The shape of the frame can also be advantageous for placement of lights, such as Sarossy's pet china balls, paper lanterns that are "both diffusion and source in one, and very compact." The china balls are easy to hide, "particularly with the anamorphic frame, where you have a lot of room under the camera to put lamps." (He adds that the sound department also likes the format, because it often allows them to get the boom in closer to the actors.) The cinematographer made extensive use of the china balls in one of The Sweet Hereafter's most disturbing scenes, an incongruously romantic depiction of incest in a seemingly candlelit hayloft.

Leading up to the sequence is a long take on a night exterior lit by a contrastingly large source, a crane rig called an LRX from Dwight Lighting in Toronto. "It's made up of 6k focusable PARs on a 100' (30m) extension arm, and the base of it is a generator that's also a lighting platform," says Owen. "I held a remote control box in my hand, and this light which is hundreds of feet away, and 100' in the air, moved on servomotors, flood and spot, pan and tilt--you could light up the whole countryside with it. Canadian independent films are not full of lights like that."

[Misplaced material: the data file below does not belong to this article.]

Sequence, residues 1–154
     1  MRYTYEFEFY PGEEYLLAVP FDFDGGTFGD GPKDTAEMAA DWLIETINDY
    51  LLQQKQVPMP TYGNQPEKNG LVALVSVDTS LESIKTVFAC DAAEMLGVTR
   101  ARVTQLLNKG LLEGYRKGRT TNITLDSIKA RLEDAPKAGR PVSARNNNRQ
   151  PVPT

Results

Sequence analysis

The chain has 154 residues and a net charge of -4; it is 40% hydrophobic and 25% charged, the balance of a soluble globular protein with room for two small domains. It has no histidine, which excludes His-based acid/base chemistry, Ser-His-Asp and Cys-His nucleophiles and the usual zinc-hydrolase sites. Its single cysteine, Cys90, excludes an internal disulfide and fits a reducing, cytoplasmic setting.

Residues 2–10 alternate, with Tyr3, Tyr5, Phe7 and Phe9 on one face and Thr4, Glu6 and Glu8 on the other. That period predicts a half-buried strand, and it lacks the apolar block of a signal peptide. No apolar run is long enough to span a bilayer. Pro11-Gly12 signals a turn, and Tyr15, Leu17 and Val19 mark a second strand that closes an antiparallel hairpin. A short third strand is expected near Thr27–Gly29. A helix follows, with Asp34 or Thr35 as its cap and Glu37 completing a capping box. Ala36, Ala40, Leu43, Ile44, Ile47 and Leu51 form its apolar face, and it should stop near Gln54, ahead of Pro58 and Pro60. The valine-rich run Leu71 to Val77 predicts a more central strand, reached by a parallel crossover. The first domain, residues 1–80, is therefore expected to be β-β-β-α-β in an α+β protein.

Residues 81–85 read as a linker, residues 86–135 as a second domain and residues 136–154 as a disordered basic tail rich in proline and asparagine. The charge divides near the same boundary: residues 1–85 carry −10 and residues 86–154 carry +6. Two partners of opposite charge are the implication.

Both Owen and Sarossy came up through the ranks during the 1980s filmmaking surge in Toronto. The cinematographer actually "grew up around cameras," because his father was a news cameraman in rural Ontario, at a local TV station where Sarossy worked summer jobs. When he enrolled in the film program at York University in Toronto, "I sort of plunged right into the 16mm thing. I guess because I was conversant with the materials and equipment and whatnot, I was always the guy asked by the other students to shoot their films." Immediately following school, Sarossy made his feature debut with a cheapie called The Revenge of the Radioactive Reporter. He was already friends with Egoyan, who then hired the young DP to photograph Speaking Parts, in 1989.